If there are doubts about his conviction then that is a different issue – but unless and until an appeal has been succesful I don’t believe it is wise to effectively overturn the sentence in this way.

  4. This was his second appeal: he lost the first. The second appeal is due to the Scottish Criminal Cases Review Commission stating there were grounds for concern in his conviction.

    I don’t think Megrahi was entirely innocent, but I don’t think he was the mastermind either. He’s a mid-level ‘baddie’. What I object to is the fact that he went through the Scottish judicial system, was found guilty (rightly or wrongly), was appealing his case again…and suddenly, because he’s ill, the goalposts change.

    Yes, he’s going to die, but why does that fact short-circuit the whole judicial system? Just because he knows he’s likely to die soon, why should that free him? We’re *all* going to die eventually: if you commit a crime (or are sentenced for a crime) you’re going to prison…and there’s always going to be a chance you’ll die there. Why does the certain knowledge you’re going to die soon trump the legal process?

    Maybe it’s our systems fault for taking 2 years from when the second appeal was referred…what the verdict of that appeal would have been, we’ll never know now. And he’ll go home and be treated like a hero (apparently on of Gadaffis sons was to pilot the jet he was going back in).

    Although at least he wasn’t released on the prisoner transfer agreement that was negotiated without the Scottish Governments knowledge / input!

  5. What, all we all of a sudden giving out FREE Lunches? Since when??? Under what premise? Did this guy learn his lesson? Who knows, right? Well I guess we’ll have to find out the hard way, maybe???

  6. @therealjovan – a very pertinent point…. inevitable, really. Did gaddafi’s son pilot the aircraft?

    Why were our politicians in Libya… Lord Mandelson… was he is Libya only recently… ‘not discussing this issue’…

    It would seem that Scotland (and I am a Scot) controlled British Foreign Policy on this issue…. this will, in my view, rebound on the Justice Minister in Scotland in a big way – I just hope that it doesn’t lead to Britain being perceived as weak on terror…. that, given the dead in Iraq, the dead in Afghanistan (All dead… not just ours) would be tragic….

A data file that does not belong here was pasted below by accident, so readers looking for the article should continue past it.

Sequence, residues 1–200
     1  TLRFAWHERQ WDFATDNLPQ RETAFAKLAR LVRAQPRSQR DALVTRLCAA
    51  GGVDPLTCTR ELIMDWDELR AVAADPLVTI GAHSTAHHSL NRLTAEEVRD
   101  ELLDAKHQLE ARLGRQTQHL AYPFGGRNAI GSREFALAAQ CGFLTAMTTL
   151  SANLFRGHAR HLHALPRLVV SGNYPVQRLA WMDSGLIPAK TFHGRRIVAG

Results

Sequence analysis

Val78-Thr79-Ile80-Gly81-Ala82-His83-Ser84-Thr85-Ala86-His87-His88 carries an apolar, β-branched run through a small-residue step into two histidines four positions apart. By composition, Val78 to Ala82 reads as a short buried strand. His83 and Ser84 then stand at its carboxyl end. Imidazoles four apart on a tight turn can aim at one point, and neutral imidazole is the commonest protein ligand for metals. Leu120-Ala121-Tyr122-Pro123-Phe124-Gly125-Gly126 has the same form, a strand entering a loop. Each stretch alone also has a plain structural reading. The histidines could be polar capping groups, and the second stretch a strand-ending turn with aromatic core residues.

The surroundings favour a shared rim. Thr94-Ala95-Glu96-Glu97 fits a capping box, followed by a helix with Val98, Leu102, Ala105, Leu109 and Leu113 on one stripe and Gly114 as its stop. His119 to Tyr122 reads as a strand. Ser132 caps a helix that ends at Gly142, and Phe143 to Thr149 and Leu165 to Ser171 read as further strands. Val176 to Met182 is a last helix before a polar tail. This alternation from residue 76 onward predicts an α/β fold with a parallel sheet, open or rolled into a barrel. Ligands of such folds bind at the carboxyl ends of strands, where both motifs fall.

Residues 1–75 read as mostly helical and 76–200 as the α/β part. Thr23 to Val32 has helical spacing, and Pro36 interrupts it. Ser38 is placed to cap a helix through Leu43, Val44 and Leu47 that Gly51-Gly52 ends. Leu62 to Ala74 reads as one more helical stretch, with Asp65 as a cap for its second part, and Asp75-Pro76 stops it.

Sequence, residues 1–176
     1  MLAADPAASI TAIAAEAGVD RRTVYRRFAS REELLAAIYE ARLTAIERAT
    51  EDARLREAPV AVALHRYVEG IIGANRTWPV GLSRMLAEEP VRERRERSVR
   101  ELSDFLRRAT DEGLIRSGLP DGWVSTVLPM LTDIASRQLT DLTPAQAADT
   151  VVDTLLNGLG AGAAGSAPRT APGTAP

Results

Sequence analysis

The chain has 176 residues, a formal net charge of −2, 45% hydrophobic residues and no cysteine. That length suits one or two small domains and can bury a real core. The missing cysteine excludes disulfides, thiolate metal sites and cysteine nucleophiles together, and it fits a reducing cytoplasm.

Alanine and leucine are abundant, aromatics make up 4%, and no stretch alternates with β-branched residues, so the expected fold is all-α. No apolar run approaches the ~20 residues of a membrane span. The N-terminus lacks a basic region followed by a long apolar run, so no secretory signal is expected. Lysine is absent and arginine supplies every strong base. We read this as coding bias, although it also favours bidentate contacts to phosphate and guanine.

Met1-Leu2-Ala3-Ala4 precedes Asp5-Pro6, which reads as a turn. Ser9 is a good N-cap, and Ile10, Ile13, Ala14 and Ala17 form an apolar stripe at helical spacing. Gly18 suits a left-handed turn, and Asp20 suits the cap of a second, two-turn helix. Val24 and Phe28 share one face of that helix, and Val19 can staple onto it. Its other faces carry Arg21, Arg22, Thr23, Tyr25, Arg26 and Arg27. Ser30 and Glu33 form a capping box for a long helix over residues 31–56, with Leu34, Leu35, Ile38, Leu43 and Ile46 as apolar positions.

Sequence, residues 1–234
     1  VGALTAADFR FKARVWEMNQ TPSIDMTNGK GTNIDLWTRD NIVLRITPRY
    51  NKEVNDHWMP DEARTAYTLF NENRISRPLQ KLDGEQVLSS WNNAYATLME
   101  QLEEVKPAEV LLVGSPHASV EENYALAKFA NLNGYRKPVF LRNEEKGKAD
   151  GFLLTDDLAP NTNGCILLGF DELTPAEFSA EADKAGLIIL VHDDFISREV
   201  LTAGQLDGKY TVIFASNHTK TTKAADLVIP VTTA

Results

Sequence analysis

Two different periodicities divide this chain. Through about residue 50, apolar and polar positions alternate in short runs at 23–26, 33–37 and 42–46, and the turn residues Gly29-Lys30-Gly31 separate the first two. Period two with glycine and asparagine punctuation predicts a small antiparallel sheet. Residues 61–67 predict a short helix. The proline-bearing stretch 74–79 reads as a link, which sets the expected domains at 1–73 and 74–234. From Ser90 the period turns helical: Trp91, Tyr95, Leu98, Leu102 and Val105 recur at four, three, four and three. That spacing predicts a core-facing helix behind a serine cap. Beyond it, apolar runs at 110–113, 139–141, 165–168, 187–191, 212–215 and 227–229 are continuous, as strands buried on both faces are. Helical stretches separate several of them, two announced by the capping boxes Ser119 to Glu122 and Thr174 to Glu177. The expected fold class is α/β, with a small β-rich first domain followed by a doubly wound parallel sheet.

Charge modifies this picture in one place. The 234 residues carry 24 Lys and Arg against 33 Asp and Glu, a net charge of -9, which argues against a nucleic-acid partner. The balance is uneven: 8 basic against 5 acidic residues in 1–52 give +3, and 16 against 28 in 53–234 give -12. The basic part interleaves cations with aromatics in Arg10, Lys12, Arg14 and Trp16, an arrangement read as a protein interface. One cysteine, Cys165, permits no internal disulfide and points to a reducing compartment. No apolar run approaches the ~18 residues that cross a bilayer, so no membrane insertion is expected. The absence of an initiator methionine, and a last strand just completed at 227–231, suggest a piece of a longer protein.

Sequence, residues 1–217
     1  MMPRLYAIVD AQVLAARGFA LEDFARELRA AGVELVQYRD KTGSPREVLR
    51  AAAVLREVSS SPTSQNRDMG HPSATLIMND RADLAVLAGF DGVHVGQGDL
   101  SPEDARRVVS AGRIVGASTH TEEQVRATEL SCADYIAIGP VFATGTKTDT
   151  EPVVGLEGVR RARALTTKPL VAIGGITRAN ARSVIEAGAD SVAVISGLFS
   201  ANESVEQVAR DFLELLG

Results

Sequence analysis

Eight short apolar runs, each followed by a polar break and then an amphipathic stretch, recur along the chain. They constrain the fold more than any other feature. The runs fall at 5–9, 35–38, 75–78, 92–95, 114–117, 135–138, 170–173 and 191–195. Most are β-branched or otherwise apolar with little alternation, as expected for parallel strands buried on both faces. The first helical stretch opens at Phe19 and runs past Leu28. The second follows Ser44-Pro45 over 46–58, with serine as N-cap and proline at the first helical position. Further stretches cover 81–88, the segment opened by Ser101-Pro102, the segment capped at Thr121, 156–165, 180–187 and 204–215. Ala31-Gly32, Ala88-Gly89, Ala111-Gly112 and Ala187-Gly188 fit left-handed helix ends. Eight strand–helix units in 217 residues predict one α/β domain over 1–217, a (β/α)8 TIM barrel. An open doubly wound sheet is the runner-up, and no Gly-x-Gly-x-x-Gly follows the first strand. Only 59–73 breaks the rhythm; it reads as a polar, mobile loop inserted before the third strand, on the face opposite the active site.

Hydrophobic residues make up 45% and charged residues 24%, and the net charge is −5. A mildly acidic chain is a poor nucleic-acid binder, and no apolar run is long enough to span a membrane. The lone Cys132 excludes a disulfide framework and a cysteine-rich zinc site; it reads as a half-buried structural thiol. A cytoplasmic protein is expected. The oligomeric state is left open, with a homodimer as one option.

I do hope that it isn’t just grandstanding.. and I found it rather sad that some of my countrymen are glad because it pissed off the USA. I don’t like emotive argument. I am not interested in emotive appeals ‘as such’ from US Senators or political pressure from Clinton. I am interested in the rule of law and, I fear, the Justice Minister in Scotland has undermined his country’s Rule of Law and should resign. I don’t like political interference from the States.. but… we are allies and I do think this decision is very wrong.

    I think the Americans are right – and the Scots are wrong… but..hey.. I don’t get a vote in Scotland because I don’t live there.. but I can and will say that I am appalled by the actions of the Scottish Executive on this one…. they have made a bad error… i just hope that they, or anyone else, gets a taste of how bad their error is.

    I think their sanctimonious bollocks about ‘compassion within a justice system’ was an even bigger disgrace… that was political sleaze of the very worst kind…

  7. (From Twitter) Good summary – but how could one possibly support the release? Is there any information about why this man released him? And is it true that MacAskill once called the England football team ‘the great Satan’?

  8. I am a Scots lawyer who had family in Lockerbie on the night of the disaster. I think the process here was handled very badly by the Scottish justice secretary, but myself and my family (including my sister who is still being treated for PTSD having been under 12 at the time of the disaster) believe that release on compassionate grounds is appropriate.